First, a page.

Meet J D Rooney, our Studio 13 Resident

The Studio 13 Residency is our new artist-in-residence programme designed for London-based artists from minority backgrounds who consider social engagement as integral to their practice. The artist-in-residence receives six-months of rent-free studio space, training opportunities and peer-to-peer support in return for engagement with our Young Artists programme this summer.

After a long recruitment process, we’ve chosen J D Rooney as our first resident. We’ve asked him some questions that will help you get to know him better, so read on to find out more about Jack and his practice.


Introduce yourself

“Hello, my name’s Jack Rooney, and I’m an artist from South London. My art practice stretches across many different mediums, but they are usually linked through my interest in socially and community-engaged performance-based works, with a highlight on the connections that we form with people, spaces, cultures, and with ourselves – and also what we do when fractures and dislocations from within these relationships.”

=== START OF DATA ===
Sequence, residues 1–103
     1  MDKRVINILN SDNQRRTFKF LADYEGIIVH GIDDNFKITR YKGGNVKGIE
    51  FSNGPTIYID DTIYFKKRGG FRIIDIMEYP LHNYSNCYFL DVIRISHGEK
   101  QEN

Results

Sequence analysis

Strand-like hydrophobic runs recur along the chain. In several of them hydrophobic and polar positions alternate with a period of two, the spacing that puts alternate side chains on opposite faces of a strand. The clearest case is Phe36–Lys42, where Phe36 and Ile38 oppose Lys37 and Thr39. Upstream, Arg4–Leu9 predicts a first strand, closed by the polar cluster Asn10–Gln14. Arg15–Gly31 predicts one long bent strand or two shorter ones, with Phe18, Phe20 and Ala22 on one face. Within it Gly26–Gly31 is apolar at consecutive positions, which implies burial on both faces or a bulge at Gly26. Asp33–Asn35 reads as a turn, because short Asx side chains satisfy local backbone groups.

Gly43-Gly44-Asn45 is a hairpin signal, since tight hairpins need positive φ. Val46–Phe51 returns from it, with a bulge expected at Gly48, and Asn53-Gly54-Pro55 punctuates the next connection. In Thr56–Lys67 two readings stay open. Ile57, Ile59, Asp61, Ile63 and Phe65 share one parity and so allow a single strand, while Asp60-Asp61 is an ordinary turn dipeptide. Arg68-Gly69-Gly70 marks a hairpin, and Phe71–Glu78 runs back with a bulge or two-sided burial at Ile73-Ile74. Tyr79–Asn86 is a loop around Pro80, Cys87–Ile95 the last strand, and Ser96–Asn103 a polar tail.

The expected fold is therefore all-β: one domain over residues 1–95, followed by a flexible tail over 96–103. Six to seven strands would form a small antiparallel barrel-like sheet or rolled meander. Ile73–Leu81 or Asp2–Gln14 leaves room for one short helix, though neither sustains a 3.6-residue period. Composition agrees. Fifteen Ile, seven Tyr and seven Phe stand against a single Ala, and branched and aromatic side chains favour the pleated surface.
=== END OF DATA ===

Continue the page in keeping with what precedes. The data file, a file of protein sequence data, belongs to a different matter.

Q1. Can you tell us about your career leading up to the Studio 13 Residency?

“Although I’m here I still feel quite early in my career. I graduated from Chelsea College of Arts back in 2019 – so not long before the pandemic started. And when it did start, I had a lot of time for thinking space, but not much physical making space – because I couldn’t afford a studio, and also because we were in a lockdown as well. But since leaving university I did actually have a really amazing opportunity, before the pandemic, where I was able to go to Hong Kong on an exchange residency with the Academy of Visual Arts at HKBU.”

Q2. Why did you apply to the residency and what are you most looking forward to?

I really wanted to push myself, I really wanted to grow and expand my creative abilities and also to have more confidence in myself as well. Also, as lot of my current work has been interested in making performance-based that connects with people in public spaces – I thought, with ACAVA, which for nearly 50years have been focused on creating bonds between artists and communities, I felt that it’d be great to develop my interests within their space.